When one student visited the site last year, the software automatically recognized who she was based on a piece of code, called a cookie, which it had placed on her computer during a prior visit. The software sent an alert to the school’s assistant director of admissions containing the student’s name, contact information and details about her life and activities on the site.


The admissions officer also received a link to a private profile of the student, listing all 27 pages she had viewed on the school’s website and how long she spent on each one. A map on this page showed her geographical location, and an “affinity index” estimated her level of interest in attending the school. Her score of 91 out of 100 predicted she was highly likely to accept an admission offer from UW-Stout, the records showed.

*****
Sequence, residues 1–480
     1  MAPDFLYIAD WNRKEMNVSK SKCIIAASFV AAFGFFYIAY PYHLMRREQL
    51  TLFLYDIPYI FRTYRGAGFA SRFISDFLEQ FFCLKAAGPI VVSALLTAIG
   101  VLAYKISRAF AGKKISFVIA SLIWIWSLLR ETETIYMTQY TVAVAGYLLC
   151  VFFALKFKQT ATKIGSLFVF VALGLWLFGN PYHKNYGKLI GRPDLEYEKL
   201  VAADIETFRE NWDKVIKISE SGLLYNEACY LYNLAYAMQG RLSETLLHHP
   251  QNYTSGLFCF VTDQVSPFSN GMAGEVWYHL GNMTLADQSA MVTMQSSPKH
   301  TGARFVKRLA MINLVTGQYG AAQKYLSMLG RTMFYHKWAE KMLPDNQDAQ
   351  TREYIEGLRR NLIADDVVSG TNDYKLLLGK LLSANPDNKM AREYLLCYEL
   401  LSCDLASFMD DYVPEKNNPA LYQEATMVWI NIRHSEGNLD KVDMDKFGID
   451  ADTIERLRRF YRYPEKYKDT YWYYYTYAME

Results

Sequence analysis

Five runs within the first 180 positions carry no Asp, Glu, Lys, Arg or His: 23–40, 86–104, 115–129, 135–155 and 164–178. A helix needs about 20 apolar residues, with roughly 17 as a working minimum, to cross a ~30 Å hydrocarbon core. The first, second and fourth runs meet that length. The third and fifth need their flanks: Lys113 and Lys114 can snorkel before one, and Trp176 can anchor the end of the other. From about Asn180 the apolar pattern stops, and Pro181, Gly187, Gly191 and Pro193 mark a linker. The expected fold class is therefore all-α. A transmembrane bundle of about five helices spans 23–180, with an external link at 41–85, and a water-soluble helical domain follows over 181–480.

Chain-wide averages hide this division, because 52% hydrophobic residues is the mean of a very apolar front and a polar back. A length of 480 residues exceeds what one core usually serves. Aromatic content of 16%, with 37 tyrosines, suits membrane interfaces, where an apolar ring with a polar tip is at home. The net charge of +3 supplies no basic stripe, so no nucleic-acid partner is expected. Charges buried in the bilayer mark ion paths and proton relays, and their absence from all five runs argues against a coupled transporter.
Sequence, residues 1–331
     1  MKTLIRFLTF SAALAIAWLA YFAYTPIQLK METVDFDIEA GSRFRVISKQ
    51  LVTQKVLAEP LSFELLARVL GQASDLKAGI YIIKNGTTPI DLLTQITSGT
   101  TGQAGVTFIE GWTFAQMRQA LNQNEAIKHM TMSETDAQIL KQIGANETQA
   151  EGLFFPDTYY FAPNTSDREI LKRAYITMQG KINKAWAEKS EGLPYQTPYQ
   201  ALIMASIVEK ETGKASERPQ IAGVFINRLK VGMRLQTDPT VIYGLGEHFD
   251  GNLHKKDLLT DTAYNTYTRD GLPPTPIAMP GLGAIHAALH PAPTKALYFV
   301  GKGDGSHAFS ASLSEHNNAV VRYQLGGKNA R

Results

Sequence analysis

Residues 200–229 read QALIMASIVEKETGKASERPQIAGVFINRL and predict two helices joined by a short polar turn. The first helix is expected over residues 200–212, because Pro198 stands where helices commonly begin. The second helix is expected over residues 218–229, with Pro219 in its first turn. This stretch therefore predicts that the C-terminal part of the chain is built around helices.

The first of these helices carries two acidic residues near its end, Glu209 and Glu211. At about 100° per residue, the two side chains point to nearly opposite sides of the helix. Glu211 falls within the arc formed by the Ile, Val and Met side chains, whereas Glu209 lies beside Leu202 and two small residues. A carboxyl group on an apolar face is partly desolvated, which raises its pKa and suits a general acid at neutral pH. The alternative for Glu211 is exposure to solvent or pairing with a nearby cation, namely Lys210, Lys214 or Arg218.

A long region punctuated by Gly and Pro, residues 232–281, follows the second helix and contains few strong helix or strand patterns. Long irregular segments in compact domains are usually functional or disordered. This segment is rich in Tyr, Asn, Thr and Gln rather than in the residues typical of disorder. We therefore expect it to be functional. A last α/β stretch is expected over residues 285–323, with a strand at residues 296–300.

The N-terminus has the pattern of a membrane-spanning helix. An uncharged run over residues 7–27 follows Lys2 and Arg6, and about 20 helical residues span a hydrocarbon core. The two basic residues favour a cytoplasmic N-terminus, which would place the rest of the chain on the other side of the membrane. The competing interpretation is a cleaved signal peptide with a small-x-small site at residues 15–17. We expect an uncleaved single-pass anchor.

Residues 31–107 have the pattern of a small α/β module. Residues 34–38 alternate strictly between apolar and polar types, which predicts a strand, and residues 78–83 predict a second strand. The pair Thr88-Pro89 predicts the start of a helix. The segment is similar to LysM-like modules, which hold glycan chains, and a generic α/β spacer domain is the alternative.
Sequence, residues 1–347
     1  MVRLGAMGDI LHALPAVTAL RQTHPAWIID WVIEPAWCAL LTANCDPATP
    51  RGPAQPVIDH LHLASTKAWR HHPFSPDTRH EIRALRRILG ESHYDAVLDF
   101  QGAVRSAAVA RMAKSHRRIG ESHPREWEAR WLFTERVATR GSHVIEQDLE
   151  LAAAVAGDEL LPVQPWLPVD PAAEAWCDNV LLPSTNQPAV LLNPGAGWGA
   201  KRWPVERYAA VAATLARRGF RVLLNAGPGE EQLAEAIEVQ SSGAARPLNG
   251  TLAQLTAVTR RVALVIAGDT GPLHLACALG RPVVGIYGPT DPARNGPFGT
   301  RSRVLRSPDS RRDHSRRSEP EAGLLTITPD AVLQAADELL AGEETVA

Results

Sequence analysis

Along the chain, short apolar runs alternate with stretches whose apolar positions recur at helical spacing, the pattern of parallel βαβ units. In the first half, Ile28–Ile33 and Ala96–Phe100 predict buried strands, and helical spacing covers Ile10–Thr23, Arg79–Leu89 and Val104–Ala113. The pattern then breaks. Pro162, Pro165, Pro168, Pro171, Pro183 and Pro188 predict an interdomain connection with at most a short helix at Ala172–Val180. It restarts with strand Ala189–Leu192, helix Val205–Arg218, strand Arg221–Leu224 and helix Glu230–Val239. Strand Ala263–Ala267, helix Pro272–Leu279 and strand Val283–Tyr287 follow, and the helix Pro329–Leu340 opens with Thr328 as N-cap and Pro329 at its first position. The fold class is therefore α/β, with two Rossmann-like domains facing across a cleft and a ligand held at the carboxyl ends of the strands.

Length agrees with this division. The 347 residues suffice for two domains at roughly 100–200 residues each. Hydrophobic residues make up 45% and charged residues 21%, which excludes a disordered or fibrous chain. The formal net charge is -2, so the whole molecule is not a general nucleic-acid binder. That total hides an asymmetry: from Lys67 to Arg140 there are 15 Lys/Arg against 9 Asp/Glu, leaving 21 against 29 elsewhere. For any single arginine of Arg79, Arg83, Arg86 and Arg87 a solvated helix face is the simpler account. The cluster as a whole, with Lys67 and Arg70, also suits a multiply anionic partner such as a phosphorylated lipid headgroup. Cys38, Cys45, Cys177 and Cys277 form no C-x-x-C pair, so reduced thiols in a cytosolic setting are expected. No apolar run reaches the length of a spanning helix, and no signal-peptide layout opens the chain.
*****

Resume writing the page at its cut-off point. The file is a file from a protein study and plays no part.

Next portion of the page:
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China has built 'massive global data-collection ecosystem' to boost its interests

What, exactly, is China doing sweeping up vast amounts of data from all around the world? Apparently attempting to bulwark the nation’s security, but most critically to secure the political future of the Communist party, a new report argues.


Engineering Global Consent, a policy brief by the Australian Strategic Policy Institute’s Dr Samantha Hoffman, argues that the Chinese party-state seeks to influence – and where possible control – global online and political environments so that public sentiment around the world is more favourable towards its interests. China has expanded its operations of influence into organisations such as universities in the UK, the US and Australia.


The report says the CCP has established a “massive and global data-collection ecosystem” that uses state-owned enterprises, Chinese technology companies and partnerships with foreign actors and institutions – including western universities – to further its interests.